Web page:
Reply
 
Thread Tools Search this Thread Display Modes
 
Old 08-18-2012, 04:19 PM   #29
Rivet Master
 
Cracker's Avatar
 
Currently Looking...
Pittsfield , Maine
Join Date: Oct 2003
Posts: 1,099
Ken:

Interesting comments! We were typing at the same time so both of our responses popped up after we posted. I may try to dig a little deeper and find out exactly what model converter I have.
__________________

__________________
Cracker

2003 GMC 3500 D/A, CC, LB, 4x4 and 2000 Airstream Excella 30. WBCCI 7074
Cracker is offline   Reply With Quote
Old 08-18-2012, 04:42 PM   #30
Don't forget your cat nap
 
Ag&Au's Avatar
 
Port Orchard , Washington
Join Date: May 2009
Posts: 4,464
Images: 1
Quote:
Originally Posted by Cracker View Post
I washed everything down with a strong soda solution. Hopefully I managed to neutralize the acid. The only wires in question are the support wires for the battery door - which I sprayed with WD40 after washing them. One thought I've had is to wire in a 24-hr timer at the service outlet on the house. That way I could set the timer to turn the power off at around 4 p.m. and not turn it on again until around 8 a.m. the next morning. That would cut the charging time by 66% while still allowing me to automatically run the A/C during the hotter part of the day. Can anyone else confirm that the charger runs continuously, as Gene suggests???
If you use a timer, make sure to get one rated to handle the all the current involved. The ones that I have seen only handle a few amps.

Ken
__________________

__________________
Ag&Au is offline   Reply With Quote
Old 08-18-2012, 04:58 PM   #31
Rivet Master
 
TG Twinkie's Avatar
 
1974 Argosy 26
Morrill , Nebraska
Join Date: Nov 2009
Posts: 5,139
Images: 2
Blog Entries: 5
Put the timer in the circuit for the converter 120 volt supply. If your converter is a plug in type it makes it easy. I don't see the need to put the timer on the whole trailer.
I have timers on the battery chargers I use for my farm equipment. 1 to 2 hours a day is enough in my case to maintain the battery.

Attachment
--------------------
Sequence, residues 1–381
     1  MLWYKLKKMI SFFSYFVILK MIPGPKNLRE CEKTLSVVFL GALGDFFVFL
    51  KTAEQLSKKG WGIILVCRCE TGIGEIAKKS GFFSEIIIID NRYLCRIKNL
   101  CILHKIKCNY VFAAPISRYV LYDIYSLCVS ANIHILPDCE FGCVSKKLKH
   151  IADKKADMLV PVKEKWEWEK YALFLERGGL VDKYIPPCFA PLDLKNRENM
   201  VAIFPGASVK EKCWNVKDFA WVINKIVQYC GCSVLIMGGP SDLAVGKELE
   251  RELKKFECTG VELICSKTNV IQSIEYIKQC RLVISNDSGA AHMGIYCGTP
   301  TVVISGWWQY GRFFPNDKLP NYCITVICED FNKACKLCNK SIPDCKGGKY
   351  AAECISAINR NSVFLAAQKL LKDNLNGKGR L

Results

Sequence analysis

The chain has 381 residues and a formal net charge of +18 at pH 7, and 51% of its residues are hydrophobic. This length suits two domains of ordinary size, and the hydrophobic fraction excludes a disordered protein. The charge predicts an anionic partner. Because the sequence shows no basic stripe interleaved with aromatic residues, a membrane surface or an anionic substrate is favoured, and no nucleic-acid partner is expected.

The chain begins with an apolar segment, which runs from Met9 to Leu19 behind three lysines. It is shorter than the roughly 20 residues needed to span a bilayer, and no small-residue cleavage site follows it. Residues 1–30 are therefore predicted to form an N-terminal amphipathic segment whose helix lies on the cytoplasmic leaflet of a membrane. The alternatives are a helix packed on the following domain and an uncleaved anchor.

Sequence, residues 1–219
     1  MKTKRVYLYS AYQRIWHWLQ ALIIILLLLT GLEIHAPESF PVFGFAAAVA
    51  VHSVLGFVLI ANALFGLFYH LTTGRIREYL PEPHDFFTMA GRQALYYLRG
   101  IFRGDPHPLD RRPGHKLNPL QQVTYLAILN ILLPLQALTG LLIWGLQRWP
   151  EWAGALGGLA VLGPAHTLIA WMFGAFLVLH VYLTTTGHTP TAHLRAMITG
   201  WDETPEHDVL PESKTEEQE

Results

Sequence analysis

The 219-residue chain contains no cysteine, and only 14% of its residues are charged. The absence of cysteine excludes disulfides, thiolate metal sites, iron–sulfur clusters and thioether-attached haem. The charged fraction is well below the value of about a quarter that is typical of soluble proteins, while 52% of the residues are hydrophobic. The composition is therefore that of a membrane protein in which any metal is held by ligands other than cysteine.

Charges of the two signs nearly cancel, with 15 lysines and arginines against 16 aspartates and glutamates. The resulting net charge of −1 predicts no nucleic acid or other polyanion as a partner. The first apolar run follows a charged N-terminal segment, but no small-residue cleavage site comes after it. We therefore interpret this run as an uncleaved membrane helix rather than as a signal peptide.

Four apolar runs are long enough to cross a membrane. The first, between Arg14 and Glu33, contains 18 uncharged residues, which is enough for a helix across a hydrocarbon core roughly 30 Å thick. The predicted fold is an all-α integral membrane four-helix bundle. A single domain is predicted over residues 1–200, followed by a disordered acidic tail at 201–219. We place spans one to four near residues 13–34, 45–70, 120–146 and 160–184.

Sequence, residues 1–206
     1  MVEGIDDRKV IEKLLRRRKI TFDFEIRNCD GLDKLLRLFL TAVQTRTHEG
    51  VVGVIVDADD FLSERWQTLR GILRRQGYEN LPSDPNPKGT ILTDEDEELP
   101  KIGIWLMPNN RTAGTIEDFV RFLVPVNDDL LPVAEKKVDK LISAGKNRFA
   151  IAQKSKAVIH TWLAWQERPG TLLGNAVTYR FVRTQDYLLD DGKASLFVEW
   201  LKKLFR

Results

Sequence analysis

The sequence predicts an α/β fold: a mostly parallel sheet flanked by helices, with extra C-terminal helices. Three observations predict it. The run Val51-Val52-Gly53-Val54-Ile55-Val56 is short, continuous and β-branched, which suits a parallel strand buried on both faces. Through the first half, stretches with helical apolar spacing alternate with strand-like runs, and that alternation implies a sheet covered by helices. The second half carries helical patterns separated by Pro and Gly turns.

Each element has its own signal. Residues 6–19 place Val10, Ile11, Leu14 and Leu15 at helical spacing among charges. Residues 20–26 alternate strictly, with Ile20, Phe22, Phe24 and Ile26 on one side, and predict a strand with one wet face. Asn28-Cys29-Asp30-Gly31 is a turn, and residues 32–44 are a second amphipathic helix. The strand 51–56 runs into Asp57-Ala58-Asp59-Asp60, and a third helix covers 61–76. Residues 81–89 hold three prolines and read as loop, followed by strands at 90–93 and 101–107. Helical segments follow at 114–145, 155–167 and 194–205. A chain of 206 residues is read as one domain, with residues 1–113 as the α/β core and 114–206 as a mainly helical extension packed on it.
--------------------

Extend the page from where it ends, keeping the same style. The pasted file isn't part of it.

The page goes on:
With all of the electronics like clocks etc in new equipment, the battery is constantly being drained.
__________________
Knowledge: "A gift to be shared. A treasure to receive."
TG Twinkie is offline   Reply With Quote
Old 08-18-2012, 07:07 PM   #32
Rivet Master
 
Cracker's Avatar
 
Currently Looking...
Pittsfield , Maine
Join Date: Oct 2003
Posts: 1,099
I think that the converter is hard-wired - but I've never taken the couch apart to see it. For you experienced ones - just how do you get to the converter??? I'm sure that I can figure it out - but perhaps there's a shortcut? While I'm being lazy, does the converter have a separate breaker in the AC box? Last question for the evening - How easy/difficult is it to switch the converter for a more modern unit that would solve all of the preceding problems? Cost? Manufacturer and model number?
__________________
Cracker

2003 GMC 3500 D/A, CC, LB, 4x4 and 2000 Airstream Excella 30. WBCCI 7074
Cracker is offline   Reply With Quote
Old 08-18-2012, 07:55 PM   #33
Rivet Master
 
Gene's Avatar
 
2008 25' Safari FB SE
Grand Junction , Colorado
Join Date: Sep 2007
Posts: 10,840
Seems a timer that can handle the amps you will have cost me around $75 about 10 years ago and it quit working after about 5 years. I've had to replace those before and they aren't that reliable. I've used them for well pumps and electric water heaters and they can handle 120 or 240 v. and more amps than you'll need. They are sold at electrical supply houses and perhaps at big box stores like Lowe's and HD.

A good converter will cost a couple of hundred bucks, so it seems like a better investment. Go to the Iota website and check what they have and see how it matches up with your trailer.

I have no idea where your converter is—some are hard to get to, some less hard. I didn't think it was all that difficult to replace except for working in a small space, but you should have some basic electrical knowledge and facility with tools before you tackle this. There are other threads about converters and they may point you in the right direction for your Excella.

And I gotta ask this—you're in Maine. Why A/C?

Gene
__________________
Gene is offline   Reply With Quote
Old 08-18-2012, 08:10 PM   #34
Don't forget your cat nap
 
Ag&Au's Avatar
 
Port Orchard , Washington
Join Date: May 2009
Posts: 4,464
Images: 1
Quote:
Originally Posted by Cracker View Post